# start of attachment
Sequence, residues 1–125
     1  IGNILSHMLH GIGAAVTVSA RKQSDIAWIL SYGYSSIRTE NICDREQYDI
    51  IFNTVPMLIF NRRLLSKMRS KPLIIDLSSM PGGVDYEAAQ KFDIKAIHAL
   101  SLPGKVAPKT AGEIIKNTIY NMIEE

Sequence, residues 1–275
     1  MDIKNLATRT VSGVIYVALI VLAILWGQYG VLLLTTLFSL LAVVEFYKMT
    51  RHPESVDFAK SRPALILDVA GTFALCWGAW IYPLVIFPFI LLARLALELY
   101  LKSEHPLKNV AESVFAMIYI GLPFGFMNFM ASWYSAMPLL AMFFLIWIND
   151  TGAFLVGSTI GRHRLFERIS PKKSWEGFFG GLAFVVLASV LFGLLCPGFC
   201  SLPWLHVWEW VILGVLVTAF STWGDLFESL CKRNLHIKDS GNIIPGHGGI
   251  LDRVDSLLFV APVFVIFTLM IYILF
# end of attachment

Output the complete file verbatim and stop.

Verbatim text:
Sequence, residues 1–125
     1  IGNILSHMLH GIGAAVTVSA RKQSDIAWIL SYGYSSIRTE NICDREQYDI
    51  IFNTVPMLIF NRRLLSKMRS KPLIIDLSSM PGGVDYEAAQ KFDIKAIHAL
   101  SLPGKVAPKT AGEIIKNTIY NMIEE

Sequence, residues 1–275
     1  MDIKNLATRT VSGVIYVALI VLAILWGQYG VLLLTTLFSL LAVVEFYKMT
    51  RHPESVDFAK SRPALILDVA GTFALCWGAW IYPLVIFPFI LLARLALELY
   101  LKSEHPLKNV AESVFAMIYI GLPFGFMNFM ASWYSAMPLL AMFFLIWIND
   151  TGAFLVGSTI GRHRLFERIS PKKSWEGFFG GLAFVVLASV LFGLLCPGFC
   201  SLPWLHVWEW VILGVLVTAF STWGDLFESL CKRNLHIKDS GNIIPGHGGI
   251  LDRVDSLLFV APVFVIFTLM IYILF